American composer John Adams (b. 1947) made his name in minimalism. He brought the contemporary into contemporary opera by using recent historical events (Nixon in China, The Death of Klinghoffer, Doctor Atomic) for his subject matter.
His work in smaller genres, such as chamber music has been much more limited, with only 10 works under that heading. One of those is his Chamber Symphony, written in 1992.
Commissioned by the Gerbode Foundation of San Francisco for the San Francisco Contemporary Chamber Players, the work posed a problem for Adams. Finally inspired by the eponymous work by Arnold Schoenberg (the Chamber Symphony No. 1, Op. 9, written in 1906) and, oddly enough, the music for the 1950s cartoons his son was watching in another room, Adams was able to create a work that combined Schoenberg’s ‘hyperactive, acrobatic, and not a little aggressive’ music with the ‘hyperactive insistently aggressive, and acrobatic’ cartoon music. Most of his music is large-scale, involving, as he said ‘broad brushstrokes on big canvasses’. Smaller works at the time also promoted the use of mass sonorities. Now, Adams was going after the transparency and greater mobility that a chamber piece would provide.
Other pieces of music for small ensembles, including Milhaud‘s La Creation du Monde, ballet music written for a small orchestra of 18 players; Stravinsky’s Octet and Histoire du Soldat, for a septet of instruments and a trio of actors; and Hindemith‘s Kleine Kammermusik, for 5 players, gave Adams more models for small ensemble writing.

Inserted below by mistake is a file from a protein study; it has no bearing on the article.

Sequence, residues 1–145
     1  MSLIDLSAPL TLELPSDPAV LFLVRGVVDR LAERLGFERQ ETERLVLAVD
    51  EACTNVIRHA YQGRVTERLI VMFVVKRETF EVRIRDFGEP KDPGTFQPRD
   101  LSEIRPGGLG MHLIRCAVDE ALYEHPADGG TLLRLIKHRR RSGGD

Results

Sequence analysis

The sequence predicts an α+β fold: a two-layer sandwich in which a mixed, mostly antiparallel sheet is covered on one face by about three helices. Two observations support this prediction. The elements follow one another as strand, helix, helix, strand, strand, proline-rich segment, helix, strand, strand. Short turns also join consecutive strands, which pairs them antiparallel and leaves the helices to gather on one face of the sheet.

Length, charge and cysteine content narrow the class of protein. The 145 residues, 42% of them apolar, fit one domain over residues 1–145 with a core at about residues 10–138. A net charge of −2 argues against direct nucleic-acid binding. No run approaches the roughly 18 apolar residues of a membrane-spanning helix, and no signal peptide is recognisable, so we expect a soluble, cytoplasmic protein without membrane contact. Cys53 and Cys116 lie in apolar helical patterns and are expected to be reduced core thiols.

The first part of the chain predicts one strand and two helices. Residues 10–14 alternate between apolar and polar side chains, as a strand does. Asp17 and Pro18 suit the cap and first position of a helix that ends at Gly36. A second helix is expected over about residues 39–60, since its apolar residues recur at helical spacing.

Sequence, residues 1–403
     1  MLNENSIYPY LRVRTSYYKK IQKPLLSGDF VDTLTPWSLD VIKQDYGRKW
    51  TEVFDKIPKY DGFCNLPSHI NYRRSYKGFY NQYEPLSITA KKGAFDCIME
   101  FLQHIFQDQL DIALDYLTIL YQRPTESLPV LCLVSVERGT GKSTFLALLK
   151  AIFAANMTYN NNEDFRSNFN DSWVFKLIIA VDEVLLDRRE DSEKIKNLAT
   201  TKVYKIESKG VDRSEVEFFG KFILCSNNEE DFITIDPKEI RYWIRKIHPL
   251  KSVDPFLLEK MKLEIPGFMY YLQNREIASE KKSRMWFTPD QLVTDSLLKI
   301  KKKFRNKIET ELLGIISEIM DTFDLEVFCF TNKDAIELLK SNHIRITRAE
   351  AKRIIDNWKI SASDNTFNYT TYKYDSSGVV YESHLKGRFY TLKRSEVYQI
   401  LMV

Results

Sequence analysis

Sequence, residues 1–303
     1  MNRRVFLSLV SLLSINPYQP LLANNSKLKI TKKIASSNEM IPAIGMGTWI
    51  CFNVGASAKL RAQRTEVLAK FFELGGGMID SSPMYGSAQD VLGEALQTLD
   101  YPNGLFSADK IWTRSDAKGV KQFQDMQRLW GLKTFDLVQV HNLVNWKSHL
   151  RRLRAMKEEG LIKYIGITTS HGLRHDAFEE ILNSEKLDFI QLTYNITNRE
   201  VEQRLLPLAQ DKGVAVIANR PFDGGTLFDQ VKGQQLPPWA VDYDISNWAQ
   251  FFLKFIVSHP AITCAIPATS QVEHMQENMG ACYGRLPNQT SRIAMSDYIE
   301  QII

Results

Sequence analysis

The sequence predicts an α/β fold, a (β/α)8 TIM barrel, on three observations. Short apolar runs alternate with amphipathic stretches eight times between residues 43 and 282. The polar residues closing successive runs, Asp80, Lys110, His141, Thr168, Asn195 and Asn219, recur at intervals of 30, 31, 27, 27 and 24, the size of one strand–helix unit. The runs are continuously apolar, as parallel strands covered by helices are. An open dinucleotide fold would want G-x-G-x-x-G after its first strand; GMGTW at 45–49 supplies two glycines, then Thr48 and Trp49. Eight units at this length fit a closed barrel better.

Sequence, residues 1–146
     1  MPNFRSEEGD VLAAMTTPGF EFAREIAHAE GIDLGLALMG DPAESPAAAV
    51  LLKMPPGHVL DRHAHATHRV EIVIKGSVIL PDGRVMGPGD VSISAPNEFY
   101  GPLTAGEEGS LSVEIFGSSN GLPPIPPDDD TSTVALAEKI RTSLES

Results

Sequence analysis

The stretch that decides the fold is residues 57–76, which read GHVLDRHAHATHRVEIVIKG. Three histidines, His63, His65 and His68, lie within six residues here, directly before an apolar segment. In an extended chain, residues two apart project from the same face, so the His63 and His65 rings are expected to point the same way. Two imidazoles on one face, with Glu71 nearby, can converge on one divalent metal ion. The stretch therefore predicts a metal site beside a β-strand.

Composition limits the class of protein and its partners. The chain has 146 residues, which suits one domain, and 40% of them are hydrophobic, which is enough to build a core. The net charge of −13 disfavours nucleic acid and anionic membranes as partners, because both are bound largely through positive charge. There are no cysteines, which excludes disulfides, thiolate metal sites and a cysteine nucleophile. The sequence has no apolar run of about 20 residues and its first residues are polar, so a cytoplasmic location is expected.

The work is in three movements, unlike Schoenberg’s, which is in 1 movement but with five subdivisions built into that movement, each with a contrasting mood. The first movement, entitled Mongrel Airs, was originally entitled Discipliner et Punire (Discipline and Punish) before the new title came, ‘to honour a British critic who complained that my music lacked breeding’.
John Adams: Chamber Symphony – I. Mongrel Airs (Ensemble Modern; Sian Edwards, cond.)
The second movement, the longest of the piece, seems to wander about – the bass may be walking, but the trombone melody over the top seems directionless.
John Adams: Chamber Symphony – II. Aria with Walking Bass (Ensemble Modern; Sian Edwards, cond.)
One reviewer noted that the last movement ‘leaves the listener with the unsettling impression that the music is being played backwards’. As befits its title, it’s active and moving, with the expected abrupt stops.
John Adams: Chamber Symphony – III. Roadrunner (Ensemble Modern; Sian Edwards, cond.)
The orchestration for the work largely follows that of Schoenberg for winds and strings, but has the addition of brass instruments, percussion, and an electronic tape.
The composer acknowledges the intrinsic difficulty of the work: ‘Instruments are asked to negotiate unreasonably difficult passages and alarmingly fast tempi, often to inexorable click of the trap set’. The work was recognized as being a change of style for minimalist Adams because of its complex rhythmic and harmonic elements. A follow-up work was written in 2007 with the name Son of Chamber Symphony.
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